Forest Preserve District of Cook County, Illinois
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Nature Bulletin No. 668   February 24, 1962
Forest Preserve District of Cook County
George W. Dunne, President
Roland F. Eisenbeis, Supt. of Conservation

This has been a memorable winter for bird watchers. Considerable numbers of several colorful species from the far north visited the Chicago region, probably because of a scarcity of food in the Canadian evergreen forests. In some winters we see very few of those birds or none of them.

Naturalists at the Little Red Schoolhouse nature center reported evening grosbeaks and purple finches appearing during the last week of October and redpolls a week later. Small flocks of evening grosbeaks and white- winged crossbills were seen elsewhere in the preserves in early December. All of those belong to the largest group of birds, the seed eaters. Some members of that family commonly nest in the preserves: the cardinal, rose-breasted grosbeak, red-eyed towhee, goldfinch, indigo bunting, and several kinds of sparrows.

The Rose-breasted Grosbeak winters in Central America, Colombia and Ecuador. Its white bill, short and cone-shaped, is typical of grosbeaks -- extremely heavy and powerful for cracking seeds. The male, black on top and white underneath, has broad white bars on the wings and a large triangular rose-red patch on his chest. The female is very different -- streaked with brown like a big sparrow -- but she has the same type of bill and white wing bars.

They build a flimsy nest, from 5 to 15 feet above ground, usually in a thicket or woodland border not far from a stream, pond, or marsh. Unlike most highly colored birds, the male also sits on the eggs and both may sing softly while doing so. His melodious song is sweeter than a robin's, the alarm note is a metallic "clink" similar to that of other grosbeaks and the cardinal. During summer this grosbeak's food is wild seeds, fruits, and insects, including such quantities of the destructive potato beetle that it is also called the Potato-bug Bird.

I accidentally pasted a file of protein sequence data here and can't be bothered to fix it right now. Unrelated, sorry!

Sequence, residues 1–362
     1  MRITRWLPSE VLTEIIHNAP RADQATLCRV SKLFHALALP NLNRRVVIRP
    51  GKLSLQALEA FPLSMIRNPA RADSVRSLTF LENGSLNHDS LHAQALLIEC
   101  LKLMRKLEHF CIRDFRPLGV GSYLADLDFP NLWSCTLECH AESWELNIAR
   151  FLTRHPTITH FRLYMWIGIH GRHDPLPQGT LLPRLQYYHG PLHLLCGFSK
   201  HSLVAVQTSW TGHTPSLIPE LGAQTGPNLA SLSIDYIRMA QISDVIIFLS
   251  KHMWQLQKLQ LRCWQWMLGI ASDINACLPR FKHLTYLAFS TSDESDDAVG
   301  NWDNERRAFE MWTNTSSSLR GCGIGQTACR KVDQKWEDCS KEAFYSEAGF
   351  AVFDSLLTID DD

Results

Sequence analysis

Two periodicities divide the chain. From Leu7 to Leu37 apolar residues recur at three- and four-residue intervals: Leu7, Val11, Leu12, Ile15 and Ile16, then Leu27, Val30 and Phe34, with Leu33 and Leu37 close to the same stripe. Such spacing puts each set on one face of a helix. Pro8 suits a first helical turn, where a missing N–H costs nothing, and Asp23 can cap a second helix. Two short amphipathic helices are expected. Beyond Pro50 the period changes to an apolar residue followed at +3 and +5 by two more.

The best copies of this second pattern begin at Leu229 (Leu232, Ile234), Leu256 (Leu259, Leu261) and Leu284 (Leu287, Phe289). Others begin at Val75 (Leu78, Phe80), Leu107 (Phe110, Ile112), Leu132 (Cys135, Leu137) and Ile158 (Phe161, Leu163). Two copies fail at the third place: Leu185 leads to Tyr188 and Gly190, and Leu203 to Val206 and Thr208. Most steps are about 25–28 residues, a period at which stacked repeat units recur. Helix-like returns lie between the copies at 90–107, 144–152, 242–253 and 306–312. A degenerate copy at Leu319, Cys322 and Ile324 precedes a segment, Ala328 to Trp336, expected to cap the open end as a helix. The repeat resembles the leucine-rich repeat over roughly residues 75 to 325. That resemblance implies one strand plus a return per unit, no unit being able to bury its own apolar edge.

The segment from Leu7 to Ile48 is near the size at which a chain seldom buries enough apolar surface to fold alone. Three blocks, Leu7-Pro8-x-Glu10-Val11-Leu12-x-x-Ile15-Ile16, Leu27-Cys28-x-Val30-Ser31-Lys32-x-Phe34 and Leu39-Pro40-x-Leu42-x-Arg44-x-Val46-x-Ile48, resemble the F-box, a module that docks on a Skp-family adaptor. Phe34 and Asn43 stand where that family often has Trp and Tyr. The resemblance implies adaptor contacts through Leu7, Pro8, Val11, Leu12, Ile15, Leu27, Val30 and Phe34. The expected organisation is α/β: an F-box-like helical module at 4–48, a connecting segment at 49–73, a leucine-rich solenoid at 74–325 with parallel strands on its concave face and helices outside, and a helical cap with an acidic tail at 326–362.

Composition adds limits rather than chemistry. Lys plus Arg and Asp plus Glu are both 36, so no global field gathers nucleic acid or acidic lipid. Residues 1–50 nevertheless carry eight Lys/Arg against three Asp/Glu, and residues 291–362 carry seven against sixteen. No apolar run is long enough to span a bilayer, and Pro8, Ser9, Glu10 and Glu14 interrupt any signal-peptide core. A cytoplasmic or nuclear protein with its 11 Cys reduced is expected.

The Eastern Evening Grosbeak is the same size but chunkier, and a strikingly handsome bird. The male has a brownish head and neck with a bright yellow forehead, yellow streak over the eye, yellow breast, yellow back, black wings with a big white patch, and a short black tail. Its huge beak is pale yellowish green. The female's coloring is subdued and grayish.

When first discovered they were thought to sing only at sundown -- hence the name. They nest in the spruce, fir and pine forests of Canada and some of our northern states, feeding on the seeds, fruits and buds of many kinds of trees and shrubs, also insects in summer. In autumn they gather in flocks which may remain in the breeding territory all winter or wander haphazardly southward where they sometimes wander from Illinois to Vermont and vice versa. They are fond of box elder seeds and the sunflower seeds at feeding stations.

The Pine Grosbeak is a species with several races that breed in the northern forests of Europe, Kamchatka, Alaska and Canada. This is the largest of all grosbeaks and the upper bill of its big beak curves downward at the tip. The head, breast and rump of an adult male are rosy red. The wings, with two white bars, and the tail are black. A female is grayish except for two white wing bars and an olive-green head and rump. In winter, pine grosbeaks may wander southward until we see them here -- perhaps a few but sometimes in flocks of a hundred or more -- very bold and unsuspicious.

The Blue Grosbeak is a strictly southern species that nests from the Gulf Coast to Maryland, southern Illinois and Nebraska. The male is a deep purplish blue with two brown wing bars. Females have the wing bars but are dull brownish sometimes tinged with blue.

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